At issue, then, are the possible reforms that could protect members of mutuals, regardless of their level of financial sophistication. One option (Wilcox 2006) builds on demutualization methods that have been used often in conversions by mutual insurance companies in the United States and depositories in other countries (Chaddad and Cook 2004). For example, under current legislation, the National Credit Union Administration could allow individual credit unions to convert directly into commercial banks in a process whereby ownership of the new bank, in the form of shares of stock, could be distributed for free to members, who then could retain their shares or could receive the cash proceeds from selling their shares at market value. In particular, one recommendation is to distribute shares approximately in proportion to members’ historical average savings and loan balances, which likely better approximate (than deposit balances as of a given date) their individual contributions to the economic value of the mutual.

Such a process could reduce the unknowing surrenders of valuable assets by less-savvy members who, under current regulations, do not receive all, and typically do not receive any, of the large amounts of preconversion value of their converting credit unions and thrifts.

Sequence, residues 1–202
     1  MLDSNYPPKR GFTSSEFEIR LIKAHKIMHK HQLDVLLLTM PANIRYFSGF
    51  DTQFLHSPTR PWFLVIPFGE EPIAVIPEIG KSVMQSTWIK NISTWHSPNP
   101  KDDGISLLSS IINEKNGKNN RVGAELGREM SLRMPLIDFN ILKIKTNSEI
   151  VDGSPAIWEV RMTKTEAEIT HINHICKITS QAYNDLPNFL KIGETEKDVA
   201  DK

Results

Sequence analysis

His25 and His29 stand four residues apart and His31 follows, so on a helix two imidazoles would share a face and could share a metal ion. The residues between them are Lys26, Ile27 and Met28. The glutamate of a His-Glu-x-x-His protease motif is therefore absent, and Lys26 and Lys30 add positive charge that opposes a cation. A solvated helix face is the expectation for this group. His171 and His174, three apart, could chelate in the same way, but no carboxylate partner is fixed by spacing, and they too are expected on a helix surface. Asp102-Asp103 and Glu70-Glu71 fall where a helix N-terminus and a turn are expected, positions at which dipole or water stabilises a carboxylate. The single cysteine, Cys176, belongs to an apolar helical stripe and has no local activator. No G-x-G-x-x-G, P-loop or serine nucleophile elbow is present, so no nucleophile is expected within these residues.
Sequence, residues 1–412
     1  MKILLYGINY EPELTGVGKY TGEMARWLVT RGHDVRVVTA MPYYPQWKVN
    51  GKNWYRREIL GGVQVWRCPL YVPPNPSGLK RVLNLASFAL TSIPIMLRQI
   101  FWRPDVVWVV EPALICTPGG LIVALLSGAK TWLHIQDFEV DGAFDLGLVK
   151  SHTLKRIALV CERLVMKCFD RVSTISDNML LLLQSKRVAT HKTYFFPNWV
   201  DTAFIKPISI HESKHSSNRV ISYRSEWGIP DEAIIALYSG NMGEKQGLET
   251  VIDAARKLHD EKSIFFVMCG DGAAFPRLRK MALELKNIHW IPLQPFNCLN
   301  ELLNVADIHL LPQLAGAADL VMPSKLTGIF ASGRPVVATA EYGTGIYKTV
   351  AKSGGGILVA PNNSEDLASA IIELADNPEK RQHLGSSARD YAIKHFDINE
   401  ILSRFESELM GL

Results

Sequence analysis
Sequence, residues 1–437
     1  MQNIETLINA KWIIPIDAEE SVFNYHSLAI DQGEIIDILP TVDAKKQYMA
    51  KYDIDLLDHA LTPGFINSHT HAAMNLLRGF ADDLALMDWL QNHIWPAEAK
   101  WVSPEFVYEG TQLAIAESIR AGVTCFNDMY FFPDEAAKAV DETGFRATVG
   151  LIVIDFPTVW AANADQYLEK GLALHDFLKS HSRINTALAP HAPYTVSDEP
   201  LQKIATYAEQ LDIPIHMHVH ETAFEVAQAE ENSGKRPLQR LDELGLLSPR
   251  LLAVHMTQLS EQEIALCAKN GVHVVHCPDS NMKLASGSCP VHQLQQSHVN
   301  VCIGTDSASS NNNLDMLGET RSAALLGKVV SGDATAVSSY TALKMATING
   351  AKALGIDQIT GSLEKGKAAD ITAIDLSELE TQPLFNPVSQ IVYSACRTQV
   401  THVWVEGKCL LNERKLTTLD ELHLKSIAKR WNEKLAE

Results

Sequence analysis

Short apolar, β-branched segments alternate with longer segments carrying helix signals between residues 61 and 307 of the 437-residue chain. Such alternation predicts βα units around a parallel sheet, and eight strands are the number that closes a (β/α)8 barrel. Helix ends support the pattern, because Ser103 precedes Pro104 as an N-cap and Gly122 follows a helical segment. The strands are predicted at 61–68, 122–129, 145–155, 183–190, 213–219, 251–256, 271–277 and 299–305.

James Wilcox
Visiting Scholar, FRBSF, and
Professor, Haas School of Business, UC Berkeley


[URL accessed June 2007.]

Chaddad, Fabio R., and Michael L. Cook. 2004. “The Economics of Organization Structure Changes: A U.S. Perspective on Demutualization.” Annals of Public and Cooperative Economics 75(4), pp. 575-594.

Colantuoni, Joseph A. 1998. “Mutual-to-Stock Conversions: Problems with the Pricing of Initial Public Offerings.” FDIC Banking Review 11(4), pp. 1-9.

Office of Thrift Supervision. 1994. “Conversions from Mutual to Stock Form: Interim Final Rule with Request for Comments.” 59 Federal Register, pp. 22,725-22,735.

Unal, Haluk. 1997. “Regulatory Misconceptions in Pricing Thrift Conversions: A Closer Look at the Appraisal Process.” Journal of Financial Services Research 11(3), pp. 239-254.

Wilcox, James A. 2006. Credit Union Conversions to Banks: Facts, Incentives, Issues, and Reforms, Filene Research Institute, Madison, WI.

Wilcox, James A., and Zane Williams. 1998. “Predicting Excess Returns with Public and Insider Information: The Case of Thrift Conversions.” Research Program in Finance Working Paper RPF-283, UC Berkeley.